RIP John W. O’Malley, SJ: The Doyen of Catholic Historians Who Helped Save Vatican II From ‘Oblivion’


John W. O’Malley, SJ, renowned 20th century church historian and longtime teacher, died yesterday, September 11, after a brief battle with cancer. He was 95 years old. Father O’Malley is known for his scholarly works on the last four ecumenical councils of the Catholic Church as well as for his numerous writings interpreting the history of the Society of Jesus in the 20th century; he also mentored many Jesuits and a generation of scholars of American Catholic history.

“John O’Malley was special. With great simplicity, he educated and supported generations of scholars,” said Dr. Emanuele Colombo, a professor of Catholic studies at DePaul University in Chicago, who conducted a series of interviews with Father O’ Malley who have been published in 2020 in the Journal of Jesuit StudiesTold America by email. “He saw it as one of his tasks, and he did it with great ease and lightness – or, better, with joy.”

“Father O’Malley had a gift, through his writings and lectures, for immersing students in the fascinating drama of history.”

Born in Tiltonsville, Ohio, in 1927, Father O’Malley entered the Society of Jesus in 1942 in what was then the Province of Detroit. In his 2020 interview with Dr. Colombo, he noted that the Jesuits initially did not accept him because he had attended public school and had only two years of Latin; after enrolling for a semester at John Carroll University for an intensive Latin course, he was accepted into the novitiate.

During his Jesuit training, he taught history for three years at St. Ignatius High School in Chicago and studied theology in West Baden Springs, Ind. In 1957 he was ordained a priest and sent to Austria to complete his Jesuit training and study German in preparation. for a doctorate on the history of the Church in Germany. He would later recall a week-long trip to Italy at the end of his year there as a life-changing moment. “I will never forget the moment my eye caught Giotto’s polychrome marble bell,” he wrote in his 2021 memoir. The formation of a historian. “He took my breath away.”

Finding the whole trip “like lightning from heaven”, he decided to forgo German history and instead pursued doctoral studies in Renaissance history at Harvard University, during which time he studied at the American Academy in Rome; he also studied at I Tatti in Florence and was present in Rome during the Second Vatican Council.

“Father O’Malley taught his class without the sense of smugness which would have been warranted given his many intellectual achievements.”

After receiving his doctorate, he taught and served in administration at the University of Detroit, now the University of Detroit-Mercy, from 1965 to 1979. Father O’Malley served as a delegate to Congregation 32 general of the Society of Jesus in 1974. -75, a monumental event in the history of the order. He taught for many years at the Weston Jesuit School of Theology, now the Boston College School of Theology and Ministry, and at Georgetown University, where until recently he was Distinguished University Professor in the Department of Theology.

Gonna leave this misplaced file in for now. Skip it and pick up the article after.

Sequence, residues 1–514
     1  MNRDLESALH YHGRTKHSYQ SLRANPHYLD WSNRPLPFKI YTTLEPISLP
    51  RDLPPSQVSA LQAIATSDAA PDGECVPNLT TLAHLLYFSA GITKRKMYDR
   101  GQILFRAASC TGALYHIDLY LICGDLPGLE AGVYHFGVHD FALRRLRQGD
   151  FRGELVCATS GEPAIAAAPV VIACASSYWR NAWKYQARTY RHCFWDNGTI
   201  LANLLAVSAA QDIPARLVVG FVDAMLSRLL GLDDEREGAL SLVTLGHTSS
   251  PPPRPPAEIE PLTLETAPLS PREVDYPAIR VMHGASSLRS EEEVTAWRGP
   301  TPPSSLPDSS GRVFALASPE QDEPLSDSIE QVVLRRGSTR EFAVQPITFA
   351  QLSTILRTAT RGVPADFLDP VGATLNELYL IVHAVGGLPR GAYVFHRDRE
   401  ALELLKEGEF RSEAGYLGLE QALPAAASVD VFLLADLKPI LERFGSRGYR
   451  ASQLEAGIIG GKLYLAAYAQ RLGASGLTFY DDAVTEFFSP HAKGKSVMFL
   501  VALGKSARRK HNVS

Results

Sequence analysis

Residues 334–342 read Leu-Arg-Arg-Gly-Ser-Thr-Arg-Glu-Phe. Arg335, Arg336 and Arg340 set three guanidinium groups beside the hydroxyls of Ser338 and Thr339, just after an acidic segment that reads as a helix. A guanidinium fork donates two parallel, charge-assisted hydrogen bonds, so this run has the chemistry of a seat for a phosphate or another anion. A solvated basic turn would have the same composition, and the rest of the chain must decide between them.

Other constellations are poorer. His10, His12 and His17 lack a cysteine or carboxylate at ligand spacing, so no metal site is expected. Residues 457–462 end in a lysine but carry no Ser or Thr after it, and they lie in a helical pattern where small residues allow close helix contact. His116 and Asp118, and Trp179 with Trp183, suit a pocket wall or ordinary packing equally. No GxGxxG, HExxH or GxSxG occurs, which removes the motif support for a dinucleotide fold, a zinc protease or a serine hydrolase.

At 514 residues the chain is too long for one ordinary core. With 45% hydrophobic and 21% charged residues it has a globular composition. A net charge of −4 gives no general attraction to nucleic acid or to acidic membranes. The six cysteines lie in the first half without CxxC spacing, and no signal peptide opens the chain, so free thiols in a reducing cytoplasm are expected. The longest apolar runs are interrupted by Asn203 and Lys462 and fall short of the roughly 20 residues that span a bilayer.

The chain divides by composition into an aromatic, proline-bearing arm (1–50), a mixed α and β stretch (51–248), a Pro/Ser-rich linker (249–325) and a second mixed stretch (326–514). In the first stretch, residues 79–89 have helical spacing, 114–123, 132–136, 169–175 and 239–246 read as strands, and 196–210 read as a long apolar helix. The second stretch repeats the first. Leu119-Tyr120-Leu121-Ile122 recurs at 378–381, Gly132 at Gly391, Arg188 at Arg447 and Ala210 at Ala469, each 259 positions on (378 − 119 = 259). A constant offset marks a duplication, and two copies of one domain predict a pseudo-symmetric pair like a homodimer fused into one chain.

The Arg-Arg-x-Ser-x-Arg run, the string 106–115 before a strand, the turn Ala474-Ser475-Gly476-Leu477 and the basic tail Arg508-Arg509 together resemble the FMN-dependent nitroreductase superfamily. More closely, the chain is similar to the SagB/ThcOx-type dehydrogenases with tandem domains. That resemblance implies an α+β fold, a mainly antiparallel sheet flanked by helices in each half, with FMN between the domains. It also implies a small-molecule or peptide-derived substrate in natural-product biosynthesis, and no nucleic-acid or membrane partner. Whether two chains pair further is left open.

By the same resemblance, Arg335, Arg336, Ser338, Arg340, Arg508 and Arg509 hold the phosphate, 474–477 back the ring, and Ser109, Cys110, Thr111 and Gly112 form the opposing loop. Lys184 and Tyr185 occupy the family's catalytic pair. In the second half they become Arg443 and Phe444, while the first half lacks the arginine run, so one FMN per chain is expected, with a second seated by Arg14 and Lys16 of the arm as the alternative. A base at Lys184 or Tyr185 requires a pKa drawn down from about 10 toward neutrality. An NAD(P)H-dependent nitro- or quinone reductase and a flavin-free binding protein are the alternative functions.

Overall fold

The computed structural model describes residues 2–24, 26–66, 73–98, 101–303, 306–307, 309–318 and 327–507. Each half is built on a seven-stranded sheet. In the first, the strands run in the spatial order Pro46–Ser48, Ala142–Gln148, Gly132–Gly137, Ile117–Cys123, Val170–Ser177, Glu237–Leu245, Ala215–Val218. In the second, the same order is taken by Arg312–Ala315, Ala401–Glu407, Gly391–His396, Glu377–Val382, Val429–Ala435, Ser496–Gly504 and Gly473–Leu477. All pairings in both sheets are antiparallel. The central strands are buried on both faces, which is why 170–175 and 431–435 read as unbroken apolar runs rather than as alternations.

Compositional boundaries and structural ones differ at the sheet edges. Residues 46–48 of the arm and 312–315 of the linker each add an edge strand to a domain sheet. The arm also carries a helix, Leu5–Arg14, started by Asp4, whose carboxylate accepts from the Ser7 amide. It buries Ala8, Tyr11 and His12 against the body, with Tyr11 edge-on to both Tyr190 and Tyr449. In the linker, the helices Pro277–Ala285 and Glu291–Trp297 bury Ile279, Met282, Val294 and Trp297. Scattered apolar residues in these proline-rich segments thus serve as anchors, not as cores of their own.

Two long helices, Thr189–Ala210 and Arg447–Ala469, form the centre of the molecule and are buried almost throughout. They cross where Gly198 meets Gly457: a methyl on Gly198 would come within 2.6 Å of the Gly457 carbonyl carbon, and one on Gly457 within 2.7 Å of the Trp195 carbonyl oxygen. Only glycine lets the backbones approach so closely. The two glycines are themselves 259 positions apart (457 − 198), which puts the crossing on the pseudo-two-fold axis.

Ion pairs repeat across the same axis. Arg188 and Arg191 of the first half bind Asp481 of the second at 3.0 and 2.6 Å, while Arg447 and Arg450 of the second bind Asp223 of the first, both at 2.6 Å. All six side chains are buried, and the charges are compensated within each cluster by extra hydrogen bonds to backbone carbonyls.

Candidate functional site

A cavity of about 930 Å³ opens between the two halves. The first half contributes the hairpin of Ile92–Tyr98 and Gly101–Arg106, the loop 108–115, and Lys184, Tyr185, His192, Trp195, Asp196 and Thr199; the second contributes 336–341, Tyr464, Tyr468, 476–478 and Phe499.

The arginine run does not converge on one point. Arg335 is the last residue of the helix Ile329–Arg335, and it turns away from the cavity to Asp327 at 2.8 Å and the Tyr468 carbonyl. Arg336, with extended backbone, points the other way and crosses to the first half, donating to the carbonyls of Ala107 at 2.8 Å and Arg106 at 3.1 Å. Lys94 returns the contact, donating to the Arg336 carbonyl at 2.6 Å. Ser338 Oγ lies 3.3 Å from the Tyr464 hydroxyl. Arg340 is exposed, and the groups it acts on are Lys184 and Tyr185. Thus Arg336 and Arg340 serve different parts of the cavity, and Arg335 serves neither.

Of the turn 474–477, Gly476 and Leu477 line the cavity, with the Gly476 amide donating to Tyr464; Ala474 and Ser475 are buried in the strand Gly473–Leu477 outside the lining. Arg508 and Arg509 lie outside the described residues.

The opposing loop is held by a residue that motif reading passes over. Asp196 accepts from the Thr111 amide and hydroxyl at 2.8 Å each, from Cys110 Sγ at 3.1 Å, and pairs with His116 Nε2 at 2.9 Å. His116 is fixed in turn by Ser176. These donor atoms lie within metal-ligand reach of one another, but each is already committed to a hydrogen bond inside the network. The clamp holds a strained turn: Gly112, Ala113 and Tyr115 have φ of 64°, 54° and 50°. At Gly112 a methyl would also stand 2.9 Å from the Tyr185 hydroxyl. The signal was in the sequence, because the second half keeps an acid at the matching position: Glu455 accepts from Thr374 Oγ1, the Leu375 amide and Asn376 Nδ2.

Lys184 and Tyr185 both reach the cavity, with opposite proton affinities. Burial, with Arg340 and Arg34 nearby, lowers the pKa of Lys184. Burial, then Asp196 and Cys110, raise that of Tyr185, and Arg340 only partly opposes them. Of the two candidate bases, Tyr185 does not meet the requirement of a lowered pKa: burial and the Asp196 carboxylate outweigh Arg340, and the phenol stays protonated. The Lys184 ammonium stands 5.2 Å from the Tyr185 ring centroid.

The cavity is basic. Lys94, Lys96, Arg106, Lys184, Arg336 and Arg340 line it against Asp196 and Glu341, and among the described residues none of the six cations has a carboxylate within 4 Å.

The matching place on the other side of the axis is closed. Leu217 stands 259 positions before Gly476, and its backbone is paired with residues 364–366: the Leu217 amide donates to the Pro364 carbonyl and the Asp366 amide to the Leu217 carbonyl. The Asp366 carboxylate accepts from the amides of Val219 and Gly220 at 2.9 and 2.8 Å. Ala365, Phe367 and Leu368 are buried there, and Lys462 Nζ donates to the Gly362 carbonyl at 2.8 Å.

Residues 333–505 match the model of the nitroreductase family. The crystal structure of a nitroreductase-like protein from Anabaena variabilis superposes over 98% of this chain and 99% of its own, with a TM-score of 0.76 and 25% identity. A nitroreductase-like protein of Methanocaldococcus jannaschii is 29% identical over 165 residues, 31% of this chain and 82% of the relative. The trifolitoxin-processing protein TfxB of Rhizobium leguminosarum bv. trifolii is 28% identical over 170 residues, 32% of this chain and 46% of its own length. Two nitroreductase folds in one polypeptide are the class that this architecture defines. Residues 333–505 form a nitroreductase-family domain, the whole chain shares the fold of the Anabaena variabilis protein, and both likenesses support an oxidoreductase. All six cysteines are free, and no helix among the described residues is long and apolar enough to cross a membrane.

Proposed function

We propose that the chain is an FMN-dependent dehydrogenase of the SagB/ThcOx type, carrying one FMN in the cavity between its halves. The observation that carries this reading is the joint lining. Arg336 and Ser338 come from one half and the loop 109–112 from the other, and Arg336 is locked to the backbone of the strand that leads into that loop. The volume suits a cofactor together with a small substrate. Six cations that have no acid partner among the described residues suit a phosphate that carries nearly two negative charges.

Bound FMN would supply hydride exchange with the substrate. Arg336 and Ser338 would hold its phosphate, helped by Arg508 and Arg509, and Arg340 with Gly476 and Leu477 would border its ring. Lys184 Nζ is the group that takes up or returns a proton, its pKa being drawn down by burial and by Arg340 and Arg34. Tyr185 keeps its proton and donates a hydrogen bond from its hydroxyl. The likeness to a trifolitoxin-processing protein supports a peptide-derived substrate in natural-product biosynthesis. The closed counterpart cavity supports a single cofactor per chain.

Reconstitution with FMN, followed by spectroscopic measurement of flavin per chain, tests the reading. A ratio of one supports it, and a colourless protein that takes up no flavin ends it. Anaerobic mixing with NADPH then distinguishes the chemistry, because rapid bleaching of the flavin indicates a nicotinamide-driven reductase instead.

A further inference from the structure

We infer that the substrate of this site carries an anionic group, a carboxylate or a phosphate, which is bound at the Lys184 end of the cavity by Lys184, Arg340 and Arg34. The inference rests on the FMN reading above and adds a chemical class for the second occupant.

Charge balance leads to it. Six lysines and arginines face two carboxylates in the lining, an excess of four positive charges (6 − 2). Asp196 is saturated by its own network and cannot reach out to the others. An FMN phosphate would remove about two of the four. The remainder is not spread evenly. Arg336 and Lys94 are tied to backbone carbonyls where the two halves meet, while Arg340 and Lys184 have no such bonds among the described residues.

Dr. Brenna Moore, professor of theology at Fordham University, had Father O’Malley as a professor during her doctoral program at Harvard University. “John showed me that it was possible to study something that seemed so serious (“the history of the Church”) with warmth, vitality, love and humor. I was so lucky to take his classes when Weston was at Harvard Square,” she said. America by email.

“John provided his students with a way to address the big and deep theological questions: what is the church? How to grasp what is mysterious and transcendent in words and communities? He showed me how to think about the things that are now central to my academic life,” Dr. Moore wrote. “He was also generous outside of class, pointing me to articles and people who could help me on my way as a young scholar. He was so loved by so many people including me.

Kevin Jackson, Studio Production Operator at America, had Father O’Malley as a teacher in 2019 given his many intellectual accomplishments,” Jackson said. “He took his students seriously and encouraged us to ask the question, ‘So what? Why is this important? »

“Father O’Malley had a gift, through his writings and lectures, for immersing students in the captivating drama of history,” Jackson said. “Who would have thought that a book on Vatican II could be read like an adventure novel? I am deeply grateful for the gift of his life and for his kindness to me as a teacher, mentor and friend.